More than 16 million websites use the WordPress platform — nearly a quarter of the entire Internet. A big reason why is its flexibility. Public access to the underlying code and the expansive ecosystem of both free and paid plugins developed and contributed by users, consultants, and software companies makes it extremely customizable for a wide range of needs.
It’s also user-friendly enough to let you build a simple website on your own.
Many higher-quality themes provide a non-technical, What You See Is What You Get (WYSIWYG) interface for tweaking or making small customizations (such as changing colors, headers, and fonts) with little-to-no knowledge of HTML or CSS, the code behind websites. Many nonprofits that have implemented their own WordPress sites recommend using of an introductory guide — either a book or online resource — to help setup go more smoothly.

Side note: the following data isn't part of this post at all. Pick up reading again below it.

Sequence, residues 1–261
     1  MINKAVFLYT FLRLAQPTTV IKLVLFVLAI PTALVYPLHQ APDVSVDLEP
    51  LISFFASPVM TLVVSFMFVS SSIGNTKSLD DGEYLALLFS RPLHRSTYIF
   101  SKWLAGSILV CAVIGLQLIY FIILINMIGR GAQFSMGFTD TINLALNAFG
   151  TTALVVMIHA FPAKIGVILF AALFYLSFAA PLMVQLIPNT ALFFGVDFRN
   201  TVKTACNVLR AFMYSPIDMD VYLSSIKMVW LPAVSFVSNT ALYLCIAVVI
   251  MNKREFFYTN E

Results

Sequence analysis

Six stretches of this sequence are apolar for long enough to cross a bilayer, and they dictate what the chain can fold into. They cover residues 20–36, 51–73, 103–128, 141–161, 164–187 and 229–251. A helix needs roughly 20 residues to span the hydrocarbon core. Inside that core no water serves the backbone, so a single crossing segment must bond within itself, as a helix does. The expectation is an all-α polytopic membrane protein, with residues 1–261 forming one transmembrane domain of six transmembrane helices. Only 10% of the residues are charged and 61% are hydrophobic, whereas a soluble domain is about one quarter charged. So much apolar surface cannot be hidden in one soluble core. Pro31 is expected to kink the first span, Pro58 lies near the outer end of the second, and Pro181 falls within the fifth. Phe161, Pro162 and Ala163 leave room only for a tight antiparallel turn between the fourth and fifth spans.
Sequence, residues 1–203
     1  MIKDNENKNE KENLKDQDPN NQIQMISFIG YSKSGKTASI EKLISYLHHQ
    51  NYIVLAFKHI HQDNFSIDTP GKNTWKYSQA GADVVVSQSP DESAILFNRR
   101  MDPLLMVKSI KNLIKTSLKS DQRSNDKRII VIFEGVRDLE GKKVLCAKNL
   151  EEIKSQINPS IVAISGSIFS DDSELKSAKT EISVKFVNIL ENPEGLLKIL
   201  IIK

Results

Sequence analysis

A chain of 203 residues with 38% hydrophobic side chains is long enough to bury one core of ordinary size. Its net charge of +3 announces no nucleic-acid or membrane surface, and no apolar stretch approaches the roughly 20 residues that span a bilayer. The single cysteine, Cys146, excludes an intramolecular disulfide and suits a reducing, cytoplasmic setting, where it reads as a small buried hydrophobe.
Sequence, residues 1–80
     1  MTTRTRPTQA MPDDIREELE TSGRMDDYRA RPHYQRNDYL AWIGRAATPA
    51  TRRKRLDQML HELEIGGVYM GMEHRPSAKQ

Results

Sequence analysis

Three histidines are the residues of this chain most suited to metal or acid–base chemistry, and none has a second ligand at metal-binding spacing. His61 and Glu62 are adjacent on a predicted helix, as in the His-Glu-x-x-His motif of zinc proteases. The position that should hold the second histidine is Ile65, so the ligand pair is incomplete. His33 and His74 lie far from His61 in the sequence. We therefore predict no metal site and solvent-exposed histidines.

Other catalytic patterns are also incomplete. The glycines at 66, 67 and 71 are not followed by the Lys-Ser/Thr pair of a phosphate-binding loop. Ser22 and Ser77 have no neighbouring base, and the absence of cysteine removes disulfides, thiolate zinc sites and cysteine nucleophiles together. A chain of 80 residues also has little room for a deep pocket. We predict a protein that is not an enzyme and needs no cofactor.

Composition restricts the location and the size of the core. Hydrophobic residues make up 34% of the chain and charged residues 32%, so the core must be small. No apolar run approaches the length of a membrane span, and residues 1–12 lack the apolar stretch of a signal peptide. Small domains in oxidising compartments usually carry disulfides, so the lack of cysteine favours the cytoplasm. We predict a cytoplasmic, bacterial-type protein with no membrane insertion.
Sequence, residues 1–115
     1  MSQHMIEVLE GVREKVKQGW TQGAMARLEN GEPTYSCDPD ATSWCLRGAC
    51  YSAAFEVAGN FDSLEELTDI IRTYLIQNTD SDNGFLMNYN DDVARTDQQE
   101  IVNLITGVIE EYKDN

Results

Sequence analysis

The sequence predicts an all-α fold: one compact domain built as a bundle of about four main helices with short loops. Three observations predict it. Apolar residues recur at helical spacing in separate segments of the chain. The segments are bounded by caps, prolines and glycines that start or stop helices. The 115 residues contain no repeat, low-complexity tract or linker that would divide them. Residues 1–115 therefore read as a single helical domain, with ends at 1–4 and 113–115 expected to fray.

If you’re interested in going it alone, here’s a checklist to help you think through what it will take to pull it off.
Staffing: You’re likely to need someone on staff who:
* Is comfortable with learning new technology;
* Has the capacity to devote the time to this project (possibly on weekends);
* Has at least a basic understanding of HTML; and,
* Has the ability and capacity to write or create content for the site—likely multiple people.
Content: To plan your site, you’ll need to identify:
* What content you want on your website;
* How the website content should be organized;
* A generous timeline for implementing and testing the site before launch; and,
A checklist and schedule for testing and installing updates.
You’ll also need less tangible things such as patience, a sense of adventure, and tolerance for mistakes. Remember, this is not a definitive list of the skills or preparations needed for a successful DIY WordPress implementation, nor is this checklist a guarantee of a successful implementation. But it’s a good starting place.